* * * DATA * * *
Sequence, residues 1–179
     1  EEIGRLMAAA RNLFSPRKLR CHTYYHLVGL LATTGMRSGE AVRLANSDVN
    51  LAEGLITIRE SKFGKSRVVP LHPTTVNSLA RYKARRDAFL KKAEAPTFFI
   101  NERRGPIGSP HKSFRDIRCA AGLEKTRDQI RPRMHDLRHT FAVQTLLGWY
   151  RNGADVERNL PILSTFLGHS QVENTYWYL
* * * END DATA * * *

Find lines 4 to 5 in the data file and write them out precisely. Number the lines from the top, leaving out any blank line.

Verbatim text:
   101  NERRGPIGSP HKSFRDIRCA AGLEKTRDQI RPRMHDLRHT FAVQTLLGWY
   151  RNGADVERNL PILSTFLGHS QVENTYWYL